“Bart, I’ve been kicked around all my life, and from now on, I’m gonna start kicking back.”– Annie Laurie Starr (Peggy Cummins)
The Killing (1956)
Distinguished by its time-bending plot, The Killing is a noir that I dearly love to watch over and over and over again – I have it on VHS and DVD, I’ve seen it on the big screen, and I watch it every time it airs on TV. I simply cannot see it too many times. The film was directed by Stanley Kubrick early in his storied career and centers on a motley crew of individuals – including a mousy cashier, a beat cop deep in debt to the mob, and a bartender caring for his invalid wife – who unite to carry out an intricately designed racetrack heist. The mastermind of the scheme is Johnny Clay, played by Sterling Hayden at his badass best.
The cast includes Marie Windsor, as the mousy cashier’s duplicitous, gold-digging wife; Timothy Carey as a pivotal but ill-fated cog in the heist machinery; and Vince Edwards, playing a hard-boiled character who’s light years away from his role as TV’s Dr. Ben Casey. Also in the cast, making his big-screen debut was comedian Rodney Dangerfield, who can be spotted as a bystander in a scene where a brawl is taking place near the racetrack bar.
“You know Fay, the biggest mistake I made before was shooting for peanuts. Five years have taught me one thing, if nothing else: Any time you take a chance, you better be sure the rewards are worth the risk. Because they could put you away just as fast for a ten dollar heist as they can for a million dollar job.”– Johnny Clay (Sterling Hayden)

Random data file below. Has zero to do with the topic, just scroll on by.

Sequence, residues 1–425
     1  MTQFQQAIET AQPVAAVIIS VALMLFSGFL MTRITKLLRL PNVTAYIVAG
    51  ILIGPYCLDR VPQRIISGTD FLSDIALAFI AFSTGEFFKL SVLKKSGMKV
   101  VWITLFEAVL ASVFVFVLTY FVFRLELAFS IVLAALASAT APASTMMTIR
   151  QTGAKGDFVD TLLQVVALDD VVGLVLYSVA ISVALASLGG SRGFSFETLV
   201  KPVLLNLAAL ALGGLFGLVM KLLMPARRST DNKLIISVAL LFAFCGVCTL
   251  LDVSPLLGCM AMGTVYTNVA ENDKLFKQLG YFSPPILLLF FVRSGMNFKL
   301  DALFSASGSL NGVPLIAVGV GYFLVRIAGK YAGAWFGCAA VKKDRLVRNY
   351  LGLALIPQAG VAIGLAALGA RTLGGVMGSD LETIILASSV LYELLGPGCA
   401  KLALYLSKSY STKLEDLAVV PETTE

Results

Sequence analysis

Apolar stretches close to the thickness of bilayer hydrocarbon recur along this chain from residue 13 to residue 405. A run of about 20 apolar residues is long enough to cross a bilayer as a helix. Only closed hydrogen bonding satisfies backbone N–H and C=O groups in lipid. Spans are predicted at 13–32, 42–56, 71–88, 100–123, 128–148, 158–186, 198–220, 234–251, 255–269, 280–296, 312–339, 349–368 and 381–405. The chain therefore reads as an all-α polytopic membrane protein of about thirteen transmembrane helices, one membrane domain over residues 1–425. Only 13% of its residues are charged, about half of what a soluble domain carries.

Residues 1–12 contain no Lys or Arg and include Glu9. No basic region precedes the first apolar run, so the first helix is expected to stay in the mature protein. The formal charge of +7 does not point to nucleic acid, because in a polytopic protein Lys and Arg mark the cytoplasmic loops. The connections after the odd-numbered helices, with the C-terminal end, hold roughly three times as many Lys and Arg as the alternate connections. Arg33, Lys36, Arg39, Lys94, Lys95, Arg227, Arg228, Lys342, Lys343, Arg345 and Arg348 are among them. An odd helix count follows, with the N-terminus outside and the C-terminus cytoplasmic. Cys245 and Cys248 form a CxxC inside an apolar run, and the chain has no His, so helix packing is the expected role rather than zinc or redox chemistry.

Criss Cross (1949)
Criss Cross is a noir that, to borrow a phrase from Mary Poppins, is “practically perfect in every way” – yet, it’s woefully underappreciated, in my view. At its core, it features a passionate but deadly triangle populated by Steve Thompson (Burt Lancaster), recently returning to his hometown after a lengthy absence; Steve’s ex-wife, Anna (Yvonne De Carlo), who he can’t seem to stay away from; and Slim Dundee (Dan Duryea), head of the local mob and Anna’s new husband. The emotions, suspicions, and deceit swirling around these three are heightened when armored car theft is thrown into the mix – and the term “criss-cross” takes on a whole new meaning.
Yvonne DeCarlo, perhaps best known for her exotic roles in a number of sword-and-sandals flicks, is ideal as the fatal femme in Criss Cross. Early in the film, as we – along with Steve – watch Anna dancing to a soulful Latin beat (with a young, uncredited Tony Curtis, no less), we know exactly why he’s drawn to her like a magnet. And later, as we get to know her better, we know why Steve should have stayed far, far away.
What are your favorite films noirs? Tune in to the Noir Nook next month for the next half of my Top 10!
– Karen Burroughs Hannsberry for Classic Movie Hub
Karen Burroughs Hannsberry is the author of the Shadows and Satin blog, which focuses on movies and performers from the film noir and pre-Code eras, and the editor-in-chief of The Dark Pages, a bimonthly newsletter devoted to all things film noir. Karen is also the author of two books on film noir – Femme Noir: The Bad Girls of Film and Bad Boys: The Actors of Film Noir. You can follow Karen on Twitter at @TheDarkPages.